“Why do they let him go on?
Maybe because they can’t stop him.
Maybe there’s never been anyone
in half-life like Jory before.”
—Philip K. Dick, Ubik
The door of the ancient hotel room swung open. Don Denny accompanied by a doctor entered. Denny’s face was strained with apprehension. He looked at me.
“How are you Joe? Are you feeling better? For chrissake, I was worried about you."
“You and who else?” I said. “They’re all dead & you know it. The same with Runciter."
The doctor hauled out his medical bag on the vanity table. “Is there any pain along with the enervation and the difficult respiration?”
He got out his old-fashioned stethoscope and cumbersome blood-pressure-reading equipment. “Do you have any history of cardiac involvement, Mr. Chip? Your mother or father? Unbutton your shirt, please.”
“I’m okay now,” I said.
“Let him listen to your heart,” Denny said tersely.
“Forget it,” I said. “Runciter was here. We got thru to each other. We’re all in cold-pac; he’s in here too. Altho he’s pretending he’s still boss—somehow outta the loop. Surely you know that by now.”
“No,” said Denny.
“See that spray can of Ubik on the table. He left it here. Spray it on you, now. Or I’ll do it.”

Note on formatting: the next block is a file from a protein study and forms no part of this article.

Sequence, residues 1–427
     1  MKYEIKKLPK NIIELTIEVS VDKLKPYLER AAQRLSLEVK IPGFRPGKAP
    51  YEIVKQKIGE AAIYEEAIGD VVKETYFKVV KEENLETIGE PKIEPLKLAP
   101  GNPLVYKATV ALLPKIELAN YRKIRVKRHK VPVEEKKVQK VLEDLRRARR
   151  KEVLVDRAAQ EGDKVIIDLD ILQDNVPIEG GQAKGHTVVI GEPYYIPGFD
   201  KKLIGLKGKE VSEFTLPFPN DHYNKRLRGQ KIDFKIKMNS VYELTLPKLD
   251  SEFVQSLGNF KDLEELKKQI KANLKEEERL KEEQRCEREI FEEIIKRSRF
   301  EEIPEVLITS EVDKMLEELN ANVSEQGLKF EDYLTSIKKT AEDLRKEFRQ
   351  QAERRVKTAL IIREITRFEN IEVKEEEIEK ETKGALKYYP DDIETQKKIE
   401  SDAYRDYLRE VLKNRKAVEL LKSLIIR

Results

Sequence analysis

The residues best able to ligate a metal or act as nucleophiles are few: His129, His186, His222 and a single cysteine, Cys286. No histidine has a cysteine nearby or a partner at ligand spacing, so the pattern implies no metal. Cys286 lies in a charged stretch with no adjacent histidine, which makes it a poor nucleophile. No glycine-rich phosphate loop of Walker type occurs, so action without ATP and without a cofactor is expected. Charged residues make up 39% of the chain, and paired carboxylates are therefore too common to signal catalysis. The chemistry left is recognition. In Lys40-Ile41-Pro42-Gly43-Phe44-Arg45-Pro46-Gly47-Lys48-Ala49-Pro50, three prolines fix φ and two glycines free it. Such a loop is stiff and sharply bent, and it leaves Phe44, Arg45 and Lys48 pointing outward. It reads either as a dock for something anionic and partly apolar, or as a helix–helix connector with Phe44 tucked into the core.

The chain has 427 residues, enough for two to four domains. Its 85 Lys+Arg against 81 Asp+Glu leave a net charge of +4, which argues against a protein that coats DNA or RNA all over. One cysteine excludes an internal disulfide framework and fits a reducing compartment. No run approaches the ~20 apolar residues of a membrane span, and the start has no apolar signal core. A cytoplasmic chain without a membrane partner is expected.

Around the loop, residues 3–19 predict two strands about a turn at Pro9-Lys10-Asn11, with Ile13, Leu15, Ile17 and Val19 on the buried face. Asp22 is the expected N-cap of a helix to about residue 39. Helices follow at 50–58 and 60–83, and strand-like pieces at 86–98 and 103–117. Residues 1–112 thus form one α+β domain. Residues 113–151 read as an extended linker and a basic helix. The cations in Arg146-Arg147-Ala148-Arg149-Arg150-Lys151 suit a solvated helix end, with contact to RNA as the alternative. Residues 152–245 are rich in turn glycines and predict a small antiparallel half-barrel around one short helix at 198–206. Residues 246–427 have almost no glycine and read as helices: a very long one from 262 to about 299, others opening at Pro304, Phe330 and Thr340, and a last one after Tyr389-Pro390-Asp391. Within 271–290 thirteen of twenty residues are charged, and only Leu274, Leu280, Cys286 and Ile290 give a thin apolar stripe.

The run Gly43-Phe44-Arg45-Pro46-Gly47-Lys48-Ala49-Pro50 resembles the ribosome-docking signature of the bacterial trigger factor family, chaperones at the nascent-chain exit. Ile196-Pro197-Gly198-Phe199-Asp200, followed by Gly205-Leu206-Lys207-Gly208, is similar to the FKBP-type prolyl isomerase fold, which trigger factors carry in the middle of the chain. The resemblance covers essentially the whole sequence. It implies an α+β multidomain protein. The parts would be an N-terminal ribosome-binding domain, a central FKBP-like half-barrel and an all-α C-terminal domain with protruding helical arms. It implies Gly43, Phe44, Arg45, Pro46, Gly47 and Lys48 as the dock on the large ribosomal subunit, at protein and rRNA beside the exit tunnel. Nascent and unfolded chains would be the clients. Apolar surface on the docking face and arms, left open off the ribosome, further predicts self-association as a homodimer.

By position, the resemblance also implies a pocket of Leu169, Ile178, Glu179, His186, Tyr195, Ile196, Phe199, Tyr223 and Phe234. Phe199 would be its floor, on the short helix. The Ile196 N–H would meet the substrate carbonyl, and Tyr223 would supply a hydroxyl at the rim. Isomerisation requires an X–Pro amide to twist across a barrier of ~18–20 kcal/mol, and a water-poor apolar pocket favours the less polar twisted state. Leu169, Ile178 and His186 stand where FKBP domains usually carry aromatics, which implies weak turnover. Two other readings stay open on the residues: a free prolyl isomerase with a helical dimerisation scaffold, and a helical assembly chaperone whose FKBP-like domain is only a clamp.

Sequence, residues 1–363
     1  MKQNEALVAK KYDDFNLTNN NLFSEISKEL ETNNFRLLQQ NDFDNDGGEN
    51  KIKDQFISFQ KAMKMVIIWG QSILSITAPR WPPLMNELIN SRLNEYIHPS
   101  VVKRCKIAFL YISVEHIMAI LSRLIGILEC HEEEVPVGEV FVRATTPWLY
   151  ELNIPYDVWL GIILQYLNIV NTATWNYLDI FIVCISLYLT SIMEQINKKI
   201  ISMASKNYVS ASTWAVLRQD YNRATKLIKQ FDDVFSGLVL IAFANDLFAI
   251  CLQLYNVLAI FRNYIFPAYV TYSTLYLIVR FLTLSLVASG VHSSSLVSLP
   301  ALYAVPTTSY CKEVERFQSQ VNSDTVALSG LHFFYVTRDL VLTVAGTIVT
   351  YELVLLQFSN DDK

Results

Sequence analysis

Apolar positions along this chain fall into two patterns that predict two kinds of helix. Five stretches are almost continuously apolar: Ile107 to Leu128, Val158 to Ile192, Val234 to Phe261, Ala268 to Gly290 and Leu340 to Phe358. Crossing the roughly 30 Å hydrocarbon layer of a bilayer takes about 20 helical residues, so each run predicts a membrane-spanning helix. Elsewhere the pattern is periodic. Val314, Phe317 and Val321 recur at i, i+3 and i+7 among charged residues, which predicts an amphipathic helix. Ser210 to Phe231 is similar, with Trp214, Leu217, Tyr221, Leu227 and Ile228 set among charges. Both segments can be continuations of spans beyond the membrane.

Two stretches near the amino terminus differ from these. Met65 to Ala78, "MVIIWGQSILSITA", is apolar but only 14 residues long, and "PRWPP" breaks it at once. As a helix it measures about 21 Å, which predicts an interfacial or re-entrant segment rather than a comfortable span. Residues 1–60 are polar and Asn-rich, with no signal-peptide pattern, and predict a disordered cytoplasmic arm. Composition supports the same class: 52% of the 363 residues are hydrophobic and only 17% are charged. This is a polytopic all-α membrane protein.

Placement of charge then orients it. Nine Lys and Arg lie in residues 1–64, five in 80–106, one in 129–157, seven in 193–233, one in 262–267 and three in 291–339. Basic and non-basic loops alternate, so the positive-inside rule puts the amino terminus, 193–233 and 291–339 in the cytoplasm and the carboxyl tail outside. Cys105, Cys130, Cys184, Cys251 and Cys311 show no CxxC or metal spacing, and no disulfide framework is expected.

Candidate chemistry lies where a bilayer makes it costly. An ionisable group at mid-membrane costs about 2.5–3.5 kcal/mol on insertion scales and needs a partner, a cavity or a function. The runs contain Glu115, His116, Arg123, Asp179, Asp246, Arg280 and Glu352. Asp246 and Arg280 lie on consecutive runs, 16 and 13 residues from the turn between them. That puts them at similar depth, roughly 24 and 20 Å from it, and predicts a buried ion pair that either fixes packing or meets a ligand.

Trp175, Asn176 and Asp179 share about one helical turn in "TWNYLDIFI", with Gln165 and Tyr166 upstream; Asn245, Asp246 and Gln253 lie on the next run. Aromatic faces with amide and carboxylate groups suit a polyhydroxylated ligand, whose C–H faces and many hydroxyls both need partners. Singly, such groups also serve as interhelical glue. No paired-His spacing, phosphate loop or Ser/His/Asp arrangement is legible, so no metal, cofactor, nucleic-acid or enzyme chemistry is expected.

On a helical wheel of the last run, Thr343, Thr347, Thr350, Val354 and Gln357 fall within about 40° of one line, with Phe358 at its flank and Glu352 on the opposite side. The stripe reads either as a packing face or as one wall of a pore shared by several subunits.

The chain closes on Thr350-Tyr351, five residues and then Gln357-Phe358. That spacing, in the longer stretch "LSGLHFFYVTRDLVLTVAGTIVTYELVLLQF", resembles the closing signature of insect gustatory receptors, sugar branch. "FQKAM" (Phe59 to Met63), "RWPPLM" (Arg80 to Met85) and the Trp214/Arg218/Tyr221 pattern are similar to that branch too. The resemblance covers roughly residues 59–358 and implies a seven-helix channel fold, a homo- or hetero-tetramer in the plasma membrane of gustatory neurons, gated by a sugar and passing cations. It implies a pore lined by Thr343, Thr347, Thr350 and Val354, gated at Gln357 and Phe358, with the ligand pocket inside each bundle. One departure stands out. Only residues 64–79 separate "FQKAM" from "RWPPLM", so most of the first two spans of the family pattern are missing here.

The doctor removed his horn-rimmed glassed and rubbed his eyes. Then he disappeared.
“Spray it on you. Or I’ll do it,” I said.
“Oh, okay. It doesn’t make any difference now. You’re the last one left.” He sprayed the Ubik on himself—there was just enough to do it.
Denny evaporated. An adolescent boy, mawkishly slender, stood there. Black-button eyes, sallow complexion. A misshapen smile—more like a smirk.
“So who the fuck are you?” I said.
“I’m Jory,” he said.
“That’s what I thought. Just a greasy ugly little pimply-faced punk, that’s all.”
Jory’s fingers writhed—like he wanted to get them around my throat. His face twitched—he’s been caught doing what he did best. Being a hyena—a fuckin no-good half-life scavenger.
“Yeah, kid. Finally we meet—but on my grounds.”
“Not for long,” Jory stammered. He had this twitch to his face, his flesh seemed to undulate with aversion. Cruddy, crummy decay and kipple was worming its way into him. He was no good—he was only 15 when he died in an auto accident. He was making-up for lost time now.
Jory opened his mouth—I could hear them all. Screaming down there deep inside a well—all the precogs & telepaths. The whole Runciter gang. He’d got them when they were vulnerable—lying there in their half-life propped up in their half-life coffins.
“Don’t you have anything to say?” I said. “It’s you who’ve rubbed us all out. What’s left of us.”
“Neat stuff,” Jory said. “Where does Runciter get it. Ella Runciter that is. They’ve got her in a different room. I haven’t been able to suck her dry yet.”
“Yeah, I know. Your toady Herbert Schoenheit von Vogelsang. He let you do it, didn’t he? The fuckin
faggot moratorium owner.”
“Von Vogelsang is queer for me. I let him do me when he’s cringing for it. He’s a medieval queen bee, you should’ve known that by now. Amphetamines and acid—he’s a chicken queen dontchaknow.”
“It figures,” I said.